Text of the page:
Does the use of personal mobile devices aid teaching and learning?
The increasing move towards technology-enhanced learning in Universities has raised dilemmas for the South African Higher Education sector as it grapples with models for students' equitable technological access.
The Department of Higher Education and Training (DHET) commissioned the Personal Mobile Device (PMD) Project in 2014. The aim of this project is to investigate how the “financial investment of a PMD, whether on the part of a university or on students themselves, can add value to the teaching and learning experience.” The project also aims to explore how access to these PMDs “enables greater flexibility and effectiveness of teaching and learning in the higher education sector both in and outside the classroom”.
In order to facilitate this, the DHET partnered with five South African universities to investigate various aspects of the use of PMDs. These institutions are Sol Plaatje University (SPU), the University of Cape Town (UCT), the University of Free State (UFS), the University of Johannesburg (UJ) and the University of Witwatersrand (Wits).
The findings from each university were presented at a Symposium held in Cape Town on Monday this week.
UFS presented an institutional perspective on blended learning and highlighted the particular challenges of data access and online learning as a result of the #feesmustfall protests. As a result of the protests in a three-week period UFS trained 350 lecturers on aspects of blended learning. SPU focused more on the student perspective and explored “how social media was used and how Web 2.0 tools like Facebook and YouTube facilitated the sharing of information and how it was incorporated into collaborative learning.” The main finding from SPU was that “the use of social media allows for interaction and sharing of experiences and interests on the web and that social media is valuable for collaborative learning through constant internet connectivity.”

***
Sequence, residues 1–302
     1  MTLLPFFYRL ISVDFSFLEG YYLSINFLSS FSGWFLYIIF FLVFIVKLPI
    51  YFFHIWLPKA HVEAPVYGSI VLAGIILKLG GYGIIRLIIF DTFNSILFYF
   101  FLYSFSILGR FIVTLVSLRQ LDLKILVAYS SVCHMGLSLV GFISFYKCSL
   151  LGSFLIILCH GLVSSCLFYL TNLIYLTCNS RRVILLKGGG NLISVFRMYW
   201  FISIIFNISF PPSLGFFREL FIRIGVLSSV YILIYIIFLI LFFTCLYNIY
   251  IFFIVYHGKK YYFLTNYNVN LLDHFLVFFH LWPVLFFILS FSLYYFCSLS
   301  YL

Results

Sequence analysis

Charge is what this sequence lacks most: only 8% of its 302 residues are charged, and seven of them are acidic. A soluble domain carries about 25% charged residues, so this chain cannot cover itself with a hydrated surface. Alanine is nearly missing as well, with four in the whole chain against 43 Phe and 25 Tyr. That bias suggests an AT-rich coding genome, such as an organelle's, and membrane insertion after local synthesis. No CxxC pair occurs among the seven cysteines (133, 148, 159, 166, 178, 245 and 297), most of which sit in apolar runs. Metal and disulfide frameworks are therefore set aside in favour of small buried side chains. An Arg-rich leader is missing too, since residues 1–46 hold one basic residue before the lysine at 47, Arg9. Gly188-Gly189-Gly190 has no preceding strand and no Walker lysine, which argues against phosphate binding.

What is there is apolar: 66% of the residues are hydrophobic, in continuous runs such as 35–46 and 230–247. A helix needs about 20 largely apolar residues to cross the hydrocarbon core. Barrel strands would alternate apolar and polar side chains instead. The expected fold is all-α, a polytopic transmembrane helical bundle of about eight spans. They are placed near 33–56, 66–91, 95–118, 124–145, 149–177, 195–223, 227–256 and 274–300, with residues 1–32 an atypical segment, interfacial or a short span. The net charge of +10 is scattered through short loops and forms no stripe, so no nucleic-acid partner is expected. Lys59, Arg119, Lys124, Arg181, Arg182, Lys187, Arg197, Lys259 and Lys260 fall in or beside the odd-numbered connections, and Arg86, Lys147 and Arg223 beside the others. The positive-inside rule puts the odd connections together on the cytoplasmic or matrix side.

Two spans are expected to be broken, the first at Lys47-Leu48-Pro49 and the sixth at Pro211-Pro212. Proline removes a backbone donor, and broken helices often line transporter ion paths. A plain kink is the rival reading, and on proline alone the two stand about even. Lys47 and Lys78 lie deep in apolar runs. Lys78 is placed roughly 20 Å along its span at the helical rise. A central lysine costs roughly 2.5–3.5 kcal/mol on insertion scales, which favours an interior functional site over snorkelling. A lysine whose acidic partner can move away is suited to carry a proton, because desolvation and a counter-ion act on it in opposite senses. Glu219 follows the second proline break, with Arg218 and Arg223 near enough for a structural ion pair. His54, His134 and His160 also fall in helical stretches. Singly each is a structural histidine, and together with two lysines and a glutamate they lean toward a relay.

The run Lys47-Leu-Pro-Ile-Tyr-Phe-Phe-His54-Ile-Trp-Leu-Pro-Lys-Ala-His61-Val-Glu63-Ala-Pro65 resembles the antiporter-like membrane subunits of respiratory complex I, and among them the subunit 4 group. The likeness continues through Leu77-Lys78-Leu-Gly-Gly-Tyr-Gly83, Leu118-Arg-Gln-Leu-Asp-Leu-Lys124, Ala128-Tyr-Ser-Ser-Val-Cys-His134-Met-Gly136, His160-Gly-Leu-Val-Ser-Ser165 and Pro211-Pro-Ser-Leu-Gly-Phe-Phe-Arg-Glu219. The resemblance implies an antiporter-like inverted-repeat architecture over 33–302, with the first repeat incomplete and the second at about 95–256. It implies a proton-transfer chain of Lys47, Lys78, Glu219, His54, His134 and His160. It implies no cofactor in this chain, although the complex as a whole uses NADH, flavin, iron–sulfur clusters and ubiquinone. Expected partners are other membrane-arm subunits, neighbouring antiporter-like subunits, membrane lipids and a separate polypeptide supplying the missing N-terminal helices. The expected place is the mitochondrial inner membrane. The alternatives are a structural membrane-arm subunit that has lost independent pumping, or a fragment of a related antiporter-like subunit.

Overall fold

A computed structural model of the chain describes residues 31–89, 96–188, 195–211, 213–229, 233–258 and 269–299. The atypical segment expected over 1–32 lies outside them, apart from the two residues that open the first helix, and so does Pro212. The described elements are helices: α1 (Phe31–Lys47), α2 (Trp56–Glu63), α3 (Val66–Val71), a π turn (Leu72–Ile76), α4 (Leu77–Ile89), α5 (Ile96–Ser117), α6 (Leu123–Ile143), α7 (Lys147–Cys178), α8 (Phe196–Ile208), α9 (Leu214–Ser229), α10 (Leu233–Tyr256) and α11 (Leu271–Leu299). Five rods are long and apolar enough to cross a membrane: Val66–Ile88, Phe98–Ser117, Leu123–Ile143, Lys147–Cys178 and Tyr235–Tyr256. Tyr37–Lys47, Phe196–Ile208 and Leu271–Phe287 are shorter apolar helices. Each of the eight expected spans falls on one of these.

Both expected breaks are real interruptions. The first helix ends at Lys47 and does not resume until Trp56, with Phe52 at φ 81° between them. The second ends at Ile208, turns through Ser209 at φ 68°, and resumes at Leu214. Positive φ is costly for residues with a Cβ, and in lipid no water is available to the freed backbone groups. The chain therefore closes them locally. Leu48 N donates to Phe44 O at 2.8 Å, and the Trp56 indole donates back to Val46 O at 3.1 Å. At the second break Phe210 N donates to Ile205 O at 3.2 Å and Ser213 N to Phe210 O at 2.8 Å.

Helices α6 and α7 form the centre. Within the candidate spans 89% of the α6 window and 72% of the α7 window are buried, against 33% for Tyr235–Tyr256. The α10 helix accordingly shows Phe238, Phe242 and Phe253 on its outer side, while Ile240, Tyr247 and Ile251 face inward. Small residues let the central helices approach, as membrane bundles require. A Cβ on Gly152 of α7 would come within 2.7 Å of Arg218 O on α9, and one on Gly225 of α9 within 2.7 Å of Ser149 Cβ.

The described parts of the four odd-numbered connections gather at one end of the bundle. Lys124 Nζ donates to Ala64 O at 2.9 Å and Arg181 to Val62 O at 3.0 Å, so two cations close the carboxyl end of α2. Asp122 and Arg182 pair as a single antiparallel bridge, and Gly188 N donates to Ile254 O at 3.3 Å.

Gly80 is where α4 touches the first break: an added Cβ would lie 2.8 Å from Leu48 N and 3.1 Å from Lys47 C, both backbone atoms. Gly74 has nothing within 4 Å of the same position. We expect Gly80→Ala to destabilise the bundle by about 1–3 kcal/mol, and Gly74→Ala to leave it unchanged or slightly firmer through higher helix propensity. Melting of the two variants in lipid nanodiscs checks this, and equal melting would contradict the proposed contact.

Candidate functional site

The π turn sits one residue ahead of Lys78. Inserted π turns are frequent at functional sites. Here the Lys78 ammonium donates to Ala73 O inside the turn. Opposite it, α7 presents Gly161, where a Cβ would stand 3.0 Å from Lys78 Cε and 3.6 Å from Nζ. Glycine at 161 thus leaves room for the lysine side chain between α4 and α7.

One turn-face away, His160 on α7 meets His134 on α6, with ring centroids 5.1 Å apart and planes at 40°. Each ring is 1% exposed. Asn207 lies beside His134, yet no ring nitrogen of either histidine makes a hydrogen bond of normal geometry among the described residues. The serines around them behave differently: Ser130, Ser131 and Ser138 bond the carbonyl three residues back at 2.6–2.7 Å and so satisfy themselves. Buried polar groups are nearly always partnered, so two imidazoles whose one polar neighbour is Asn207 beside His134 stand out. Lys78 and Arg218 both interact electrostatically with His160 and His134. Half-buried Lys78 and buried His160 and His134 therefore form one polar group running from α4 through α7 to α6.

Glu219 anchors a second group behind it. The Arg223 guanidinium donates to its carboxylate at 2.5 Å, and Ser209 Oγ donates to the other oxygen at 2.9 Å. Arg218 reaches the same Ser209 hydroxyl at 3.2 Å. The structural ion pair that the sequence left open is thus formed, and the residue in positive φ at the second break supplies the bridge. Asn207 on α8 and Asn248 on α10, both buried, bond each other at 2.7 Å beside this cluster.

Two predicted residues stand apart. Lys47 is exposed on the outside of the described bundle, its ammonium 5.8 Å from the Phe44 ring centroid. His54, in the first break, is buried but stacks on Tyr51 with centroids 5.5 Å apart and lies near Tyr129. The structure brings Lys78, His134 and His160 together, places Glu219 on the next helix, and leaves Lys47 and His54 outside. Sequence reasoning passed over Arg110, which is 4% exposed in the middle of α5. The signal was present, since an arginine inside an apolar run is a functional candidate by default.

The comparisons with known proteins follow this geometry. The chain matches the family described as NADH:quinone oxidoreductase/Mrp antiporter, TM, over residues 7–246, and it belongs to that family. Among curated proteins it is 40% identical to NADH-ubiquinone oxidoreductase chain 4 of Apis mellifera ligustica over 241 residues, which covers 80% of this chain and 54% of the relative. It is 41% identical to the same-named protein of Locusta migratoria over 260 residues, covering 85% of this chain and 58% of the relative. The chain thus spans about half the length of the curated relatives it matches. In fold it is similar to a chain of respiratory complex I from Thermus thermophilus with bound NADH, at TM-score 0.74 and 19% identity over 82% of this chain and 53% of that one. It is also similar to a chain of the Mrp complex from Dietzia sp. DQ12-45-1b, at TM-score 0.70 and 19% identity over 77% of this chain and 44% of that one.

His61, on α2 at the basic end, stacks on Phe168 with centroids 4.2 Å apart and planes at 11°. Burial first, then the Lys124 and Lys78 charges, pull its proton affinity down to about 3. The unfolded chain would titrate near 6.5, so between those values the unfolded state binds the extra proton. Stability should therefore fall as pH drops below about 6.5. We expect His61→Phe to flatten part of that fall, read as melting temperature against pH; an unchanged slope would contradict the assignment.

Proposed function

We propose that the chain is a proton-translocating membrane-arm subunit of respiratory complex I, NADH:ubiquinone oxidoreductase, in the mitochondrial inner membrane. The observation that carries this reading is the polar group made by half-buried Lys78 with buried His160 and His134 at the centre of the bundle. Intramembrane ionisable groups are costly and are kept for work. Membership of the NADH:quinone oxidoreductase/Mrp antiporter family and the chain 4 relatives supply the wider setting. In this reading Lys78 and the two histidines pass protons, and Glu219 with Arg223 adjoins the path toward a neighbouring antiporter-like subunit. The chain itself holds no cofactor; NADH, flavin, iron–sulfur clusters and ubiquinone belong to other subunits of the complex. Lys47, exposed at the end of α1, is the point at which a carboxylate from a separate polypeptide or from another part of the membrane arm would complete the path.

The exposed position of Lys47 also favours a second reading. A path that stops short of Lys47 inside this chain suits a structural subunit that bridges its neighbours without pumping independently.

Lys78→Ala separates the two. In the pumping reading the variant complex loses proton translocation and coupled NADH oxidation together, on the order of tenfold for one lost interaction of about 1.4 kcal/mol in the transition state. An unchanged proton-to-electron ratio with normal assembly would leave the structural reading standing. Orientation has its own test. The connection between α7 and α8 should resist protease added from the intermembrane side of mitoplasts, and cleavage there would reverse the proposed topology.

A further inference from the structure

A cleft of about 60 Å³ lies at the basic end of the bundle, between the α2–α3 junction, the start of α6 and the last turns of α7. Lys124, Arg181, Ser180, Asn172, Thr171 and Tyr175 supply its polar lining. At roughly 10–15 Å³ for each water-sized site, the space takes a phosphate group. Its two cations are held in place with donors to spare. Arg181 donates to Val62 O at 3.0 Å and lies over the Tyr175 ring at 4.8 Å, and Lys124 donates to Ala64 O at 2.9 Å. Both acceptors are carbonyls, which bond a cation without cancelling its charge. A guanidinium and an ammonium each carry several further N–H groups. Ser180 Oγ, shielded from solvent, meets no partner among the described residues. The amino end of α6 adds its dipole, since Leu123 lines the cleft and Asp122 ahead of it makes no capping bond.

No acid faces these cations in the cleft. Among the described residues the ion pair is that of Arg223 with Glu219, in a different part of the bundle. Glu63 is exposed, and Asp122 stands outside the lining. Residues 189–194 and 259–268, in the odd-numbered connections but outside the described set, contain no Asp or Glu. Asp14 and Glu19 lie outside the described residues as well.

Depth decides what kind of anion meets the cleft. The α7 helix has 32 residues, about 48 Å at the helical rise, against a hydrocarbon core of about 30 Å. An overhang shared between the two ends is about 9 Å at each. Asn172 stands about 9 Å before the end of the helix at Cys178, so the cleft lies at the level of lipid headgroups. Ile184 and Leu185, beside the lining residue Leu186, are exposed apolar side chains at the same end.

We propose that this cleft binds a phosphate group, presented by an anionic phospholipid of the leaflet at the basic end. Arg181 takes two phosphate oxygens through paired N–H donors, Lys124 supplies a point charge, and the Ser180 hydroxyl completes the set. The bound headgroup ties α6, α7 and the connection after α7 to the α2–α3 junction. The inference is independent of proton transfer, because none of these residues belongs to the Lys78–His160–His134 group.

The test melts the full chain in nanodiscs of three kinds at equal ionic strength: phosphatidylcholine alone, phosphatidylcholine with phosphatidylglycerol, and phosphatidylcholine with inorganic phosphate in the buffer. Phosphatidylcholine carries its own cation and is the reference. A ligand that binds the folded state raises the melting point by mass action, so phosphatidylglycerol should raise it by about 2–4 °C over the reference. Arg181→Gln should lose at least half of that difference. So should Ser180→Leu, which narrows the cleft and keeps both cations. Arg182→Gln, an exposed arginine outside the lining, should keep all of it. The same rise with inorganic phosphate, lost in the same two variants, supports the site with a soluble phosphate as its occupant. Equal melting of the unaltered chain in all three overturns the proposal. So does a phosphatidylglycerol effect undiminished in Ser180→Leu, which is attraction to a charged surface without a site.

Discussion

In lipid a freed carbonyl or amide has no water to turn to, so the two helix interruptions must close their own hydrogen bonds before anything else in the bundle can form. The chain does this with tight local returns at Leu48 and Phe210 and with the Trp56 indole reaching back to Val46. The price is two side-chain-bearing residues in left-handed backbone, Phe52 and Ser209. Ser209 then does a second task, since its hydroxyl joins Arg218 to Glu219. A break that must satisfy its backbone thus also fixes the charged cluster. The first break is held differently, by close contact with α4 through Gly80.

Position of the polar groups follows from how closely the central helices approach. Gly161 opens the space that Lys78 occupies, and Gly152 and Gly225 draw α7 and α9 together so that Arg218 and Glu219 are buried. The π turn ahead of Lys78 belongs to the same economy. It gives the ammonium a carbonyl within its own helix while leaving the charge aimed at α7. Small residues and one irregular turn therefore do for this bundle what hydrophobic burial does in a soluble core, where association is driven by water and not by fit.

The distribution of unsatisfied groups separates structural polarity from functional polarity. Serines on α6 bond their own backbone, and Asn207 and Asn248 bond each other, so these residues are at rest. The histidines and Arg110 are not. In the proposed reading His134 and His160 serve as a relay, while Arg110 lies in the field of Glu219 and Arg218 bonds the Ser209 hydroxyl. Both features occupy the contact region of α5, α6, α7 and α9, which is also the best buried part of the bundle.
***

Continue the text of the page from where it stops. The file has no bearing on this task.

UCT, UJ and Wits examined the use of digital media through the roll-out of tablets in different disciplinary contexts. Wits described the challenges students faced in accessing online resources and how critical both devices and data were to students learning especially during the recent #feesmustfall protests. They added, “we’ve learned that we are excluding students and we are excluding them in a range of different ways”.
At UJ the tablets were used to engage students more critically in course content by producing videos. They noted that “despite the overwhelming majority of students indicating that they are comfortable with technology (i.e., technical literacy), not many know how to use their devices in collaborative, transformative learning.”
UCT had a slightly different focus and looked at how the increased access to technology enabled changing pedagogical practices of educators. What the project has found thus far is that “access is an absolute issue” as stressed by project lead Dr Cheryl Brown. Although laptops would be the ideal device for students' learning experiences, certain tablets were able to provide an adequate teaching and learning experience she said. Researcher Genevieve Haupt elaborated explaining that the three main benefits of a tablet versus a laptop are portability - size makes it easy to carry around, chargeability - the battery generally lasts longer and invisibility - minimising the risk of theft for students using public transport as they are easier to conceal. Students were also able to use the tablets for a whole range of learning benefits including note taking, research, communication, access to learning resources and even creative projects like making videos.
A recurring theme throughout all the university presentations was the prohibitive cost of data for students and possible ways of addressing this. Out of this research the project will develop resources for both students and staff to better understand how PMDs can be used for teaching and learning.
To learn more about each project and its findings please view the project webpage.